Simon Evans of Arup and Gavin Starks of Icebreaker One discuss their work with Hippo Digital on the next phase of the government’s Energy Data Visibility Project, which aims to accelerate the journey towards net zero by improving access to energy metadata
The sheer scale of the challenge we face in achieving net zero quickly means that data is essential. Innovative digital solutions to cutting carbon and new net zero business models rely on getting access to all kinds of data – whether from smart meters, electric vehicles or assets within the grid.
We’ve already seen in the transport sector how the increased availability and visibility of online data has sparked an explosion in new services that have revolutionised mobility in cities. Apps such as Citymapper draw on an array of data sources to enable you to compare your travel options in real time for all urban mobility. Imagine if we could do something similar for energy.
As a consumer, in the future maybe a smart home could automatically change energy providers every second based on the real-time spot prices charged by different suppliers. Maybe we could even turn the whole tariff system on its head, with consumers submitting their consumption profile to suppliers who then bid to supply them. These ideas, as well as other consumer innovations and services that are emerging, just wouldn’t be possible without data or, more specifically, metadata.
The founding principle
Metadata, a description of the attributes of a dataset, is a founding principle for working with data. Agreed structures for metadata are what ultimately enables you to find the information you’re looking for on internet search engines.
Without metadata, the search engine can’t easily catalogue what’s been published and so can’t find it for you. As things stand, this is the sort of situation we face with energy data. Some of it is published, but the patchwork approach to metadata makes it difficult for the experts who need it to find and use it.
To address this, a partnership between engineering and consultancy firm, Arup, global non-profit organisation Icebreaker One and digital consultancy Hippo Digital is leading the next phase of the UK government’s Energy Data Visibility Project (EDVP) to organise and improve access to the UK’s metadata.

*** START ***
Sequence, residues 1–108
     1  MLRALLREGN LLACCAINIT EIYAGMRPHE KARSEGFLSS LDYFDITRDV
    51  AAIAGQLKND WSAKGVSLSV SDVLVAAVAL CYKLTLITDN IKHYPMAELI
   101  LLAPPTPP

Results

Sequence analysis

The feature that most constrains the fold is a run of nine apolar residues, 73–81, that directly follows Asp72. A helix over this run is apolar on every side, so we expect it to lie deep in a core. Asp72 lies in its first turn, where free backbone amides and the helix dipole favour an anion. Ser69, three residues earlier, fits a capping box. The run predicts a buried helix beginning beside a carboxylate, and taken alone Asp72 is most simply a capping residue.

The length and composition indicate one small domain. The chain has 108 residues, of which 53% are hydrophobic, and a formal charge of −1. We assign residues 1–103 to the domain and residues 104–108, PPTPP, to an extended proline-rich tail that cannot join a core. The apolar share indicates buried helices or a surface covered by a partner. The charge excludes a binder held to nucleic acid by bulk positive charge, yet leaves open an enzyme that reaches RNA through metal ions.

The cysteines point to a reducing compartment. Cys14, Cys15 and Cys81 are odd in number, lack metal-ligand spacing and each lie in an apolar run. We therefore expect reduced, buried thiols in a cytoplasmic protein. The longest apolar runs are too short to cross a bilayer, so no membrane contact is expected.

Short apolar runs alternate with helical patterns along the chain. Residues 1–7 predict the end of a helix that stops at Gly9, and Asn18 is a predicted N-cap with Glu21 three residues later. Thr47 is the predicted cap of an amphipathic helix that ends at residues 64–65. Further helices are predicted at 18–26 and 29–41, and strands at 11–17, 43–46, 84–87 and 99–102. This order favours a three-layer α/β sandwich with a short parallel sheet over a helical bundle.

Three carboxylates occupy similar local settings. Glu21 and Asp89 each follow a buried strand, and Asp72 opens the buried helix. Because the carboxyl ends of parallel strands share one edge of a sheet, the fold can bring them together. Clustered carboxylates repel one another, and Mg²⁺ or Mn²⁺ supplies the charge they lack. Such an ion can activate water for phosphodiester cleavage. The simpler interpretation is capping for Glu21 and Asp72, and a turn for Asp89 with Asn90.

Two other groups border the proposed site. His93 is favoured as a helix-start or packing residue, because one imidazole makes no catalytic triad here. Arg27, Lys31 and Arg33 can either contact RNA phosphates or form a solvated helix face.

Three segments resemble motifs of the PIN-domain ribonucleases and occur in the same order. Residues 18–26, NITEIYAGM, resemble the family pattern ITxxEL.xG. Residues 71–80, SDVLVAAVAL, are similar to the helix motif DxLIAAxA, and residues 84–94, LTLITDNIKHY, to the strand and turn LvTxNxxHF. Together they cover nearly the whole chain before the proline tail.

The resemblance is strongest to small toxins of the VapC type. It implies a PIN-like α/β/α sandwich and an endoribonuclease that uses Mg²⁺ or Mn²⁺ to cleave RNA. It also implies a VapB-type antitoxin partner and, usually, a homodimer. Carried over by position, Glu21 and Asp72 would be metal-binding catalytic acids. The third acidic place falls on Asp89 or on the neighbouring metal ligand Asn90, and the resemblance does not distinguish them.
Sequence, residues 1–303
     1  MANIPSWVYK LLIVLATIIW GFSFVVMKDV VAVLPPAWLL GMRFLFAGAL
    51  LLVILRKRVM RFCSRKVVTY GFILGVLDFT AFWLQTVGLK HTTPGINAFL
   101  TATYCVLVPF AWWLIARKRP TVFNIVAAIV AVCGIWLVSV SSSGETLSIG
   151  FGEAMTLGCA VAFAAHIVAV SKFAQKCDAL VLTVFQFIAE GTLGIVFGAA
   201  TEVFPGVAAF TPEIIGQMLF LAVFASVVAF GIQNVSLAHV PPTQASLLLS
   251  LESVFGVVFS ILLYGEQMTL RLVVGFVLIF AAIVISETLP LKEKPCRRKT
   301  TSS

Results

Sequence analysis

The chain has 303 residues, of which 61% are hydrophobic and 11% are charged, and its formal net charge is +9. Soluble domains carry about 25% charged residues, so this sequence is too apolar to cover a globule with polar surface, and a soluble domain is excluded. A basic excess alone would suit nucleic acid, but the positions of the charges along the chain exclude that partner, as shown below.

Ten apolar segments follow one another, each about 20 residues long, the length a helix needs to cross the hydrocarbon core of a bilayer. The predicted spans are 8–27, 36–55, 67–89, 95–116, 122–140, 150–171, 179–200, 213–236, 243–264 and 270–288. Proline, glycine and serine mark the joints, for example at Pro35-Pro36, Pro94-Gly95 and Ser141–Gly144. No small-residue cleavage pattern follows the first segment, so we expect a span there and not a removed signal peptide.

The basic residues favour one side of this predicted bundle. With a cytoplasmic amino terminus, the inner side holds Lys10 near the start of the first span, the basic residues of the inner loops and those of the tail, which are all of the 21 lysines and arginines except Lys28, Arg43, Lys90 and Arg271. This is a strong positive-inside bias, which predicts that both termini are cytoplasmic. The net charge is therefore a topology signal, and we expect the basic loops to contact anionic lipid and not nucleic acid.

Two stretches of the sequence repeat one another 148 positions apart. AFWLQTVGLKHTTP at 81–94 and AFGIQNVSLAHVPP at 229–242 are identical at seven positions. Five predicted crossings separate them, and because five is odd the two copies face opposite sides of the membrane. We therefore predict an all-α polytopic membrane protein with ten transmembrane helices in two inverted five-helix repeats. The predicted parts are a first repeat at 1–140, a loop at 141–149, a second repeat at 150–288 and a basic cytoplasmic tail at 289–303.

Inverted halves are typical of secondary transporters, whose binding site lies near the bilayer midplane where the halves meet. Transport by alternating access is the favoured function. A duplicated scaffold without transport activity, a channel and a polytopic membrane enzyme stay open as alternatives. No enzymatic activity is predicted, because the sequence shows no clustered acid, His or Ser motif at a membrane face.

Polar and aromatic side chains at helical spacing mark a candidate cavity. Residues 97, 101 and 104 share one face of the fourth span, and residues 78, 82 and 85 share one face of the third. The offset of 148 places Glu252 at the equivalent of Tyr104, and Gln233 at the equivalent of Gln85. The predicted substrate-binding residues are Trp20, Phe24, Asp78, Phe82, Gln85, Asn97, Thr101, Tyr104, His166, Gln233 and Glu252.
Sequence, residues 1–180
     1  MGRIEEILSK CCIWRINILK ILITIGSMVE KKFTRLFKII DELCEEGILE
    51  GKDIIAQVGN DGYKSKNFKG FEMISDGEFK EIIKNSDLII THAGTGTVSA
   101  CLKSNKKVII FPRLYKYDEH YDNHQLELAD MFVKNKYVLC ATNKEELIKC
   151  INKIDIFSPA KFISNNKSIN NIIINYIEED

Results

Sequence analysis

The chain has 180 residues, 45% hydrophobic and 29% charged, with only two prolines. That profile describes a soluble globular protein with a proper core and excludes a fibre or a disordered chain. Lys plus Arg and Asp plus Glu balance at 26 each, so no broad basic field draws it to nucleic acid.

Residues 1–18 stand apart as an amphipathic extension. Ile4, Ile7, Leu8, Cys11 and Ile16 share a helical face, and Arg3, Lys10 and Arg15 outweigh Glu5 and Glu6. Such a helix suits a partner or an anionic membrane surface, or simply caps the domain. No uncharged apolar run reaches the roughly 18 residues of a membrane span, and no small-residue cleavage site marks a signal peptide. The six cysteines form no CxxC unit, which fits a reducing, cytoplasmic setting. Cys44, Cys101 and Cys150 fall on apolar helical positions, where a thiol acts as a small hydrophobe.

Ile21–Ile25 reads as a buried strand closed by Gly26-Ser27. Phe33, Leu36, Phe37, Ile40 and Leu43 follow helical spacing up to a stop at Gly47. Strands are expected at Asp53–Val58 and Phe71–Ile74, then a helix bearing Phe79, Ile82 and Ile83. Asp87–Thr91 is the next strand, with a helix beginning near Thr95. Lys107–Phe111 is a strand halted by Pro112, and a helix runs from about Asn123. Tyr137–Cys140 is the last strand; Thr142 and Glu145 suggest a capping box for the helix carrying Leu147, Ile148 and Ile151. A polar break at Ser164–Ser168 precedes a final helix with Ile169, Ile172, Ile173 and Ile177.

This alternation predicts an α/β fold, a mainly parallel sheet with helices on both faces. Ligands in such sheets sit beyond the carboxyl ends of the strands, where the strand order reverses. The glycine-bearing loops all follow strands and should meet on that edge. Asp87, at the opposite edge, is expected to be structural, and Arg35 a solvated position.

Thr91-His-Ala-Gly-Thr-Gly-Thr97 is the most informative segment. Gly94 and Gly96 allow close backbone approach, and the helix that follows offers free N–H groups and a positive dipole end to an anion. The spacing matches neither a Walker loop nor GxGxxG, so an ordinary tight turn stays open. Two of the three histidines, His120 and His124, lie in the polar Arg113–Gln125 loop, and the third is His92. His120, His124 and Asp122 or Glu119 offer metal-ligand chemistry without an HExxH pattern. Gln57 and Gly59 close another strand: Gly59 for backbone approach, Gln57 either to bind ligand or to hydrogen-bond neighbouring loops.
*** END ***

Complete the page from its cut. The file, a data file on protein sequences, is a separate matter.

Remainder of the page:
Our project, commissioned by the Department for Business, Energy & Industrial Strategy (BEIS) and funded by the £505m BEIS Energy Innovation Programme, is developing an innovative service that will unlock and centralise the UK’s current energy metadata sources to improve their visibility and accuracy. We aim to help accelerate the journey to net zero by making information more accessible, driving the scaling up of renewable energy projects and enabling innovation.
The project forms part of the Modernising Energy Data (MED) programmes being commissioned by BEIS, Ofgem and Innovate UK, which are leading the charge towards a digital energy sector.
Modernising access to energy data will create the essential national infrastructure we need to meet our net zero targets. This project is helping to create new services to unlock innovation in the energy system and drive economic growth. We have seen similar happenings in other sectors such as banking, where Open Banking fuelled a revolution in innovation and attracted huge investment to the UK. Poor data visibility can act as a barrier for this innovation. Now more than ever, access to energy data and the ability to use it effectively is of crucial importance to supporting a net zero future.
All of this, though, relies on agreeing metadata standards and glossaries. The Arup team applied its energy expertise to this element of the challenge, informed by the one-to-one research conducted by Hippo Digital with energy data users to understand their needs and working with the Open Energy service in development by Icebreaker One, which enables users to search, access and share energy data.
The EDVP aims to deliver a new service that:
- Increases the visibility of energy system metadata by listing metadata centrally, to an agreed standard.
- Provides a mechanism for energy system participants to request missing/closed data.
- Provides direct access to data that is open to the user.
- Allows data users to provide feedback on the quality of data.
- Collects service analytics.
There are challenges still to address, including whether and how the provision of data could be mandated, and which regulatory policies need to be considered. For example, if users keep requesting, say, data on electric vehicle charging points in a certain county, at what point is the body responsible compelled to provide that data with the agreed metadata structure? It is also clear that the value of the service will grow as more datasets are included.
However, as we discuss these challenges and the next steps with BEIS, the completion of this phase of the project marks a further step towards realising the exciting potential of energy data.
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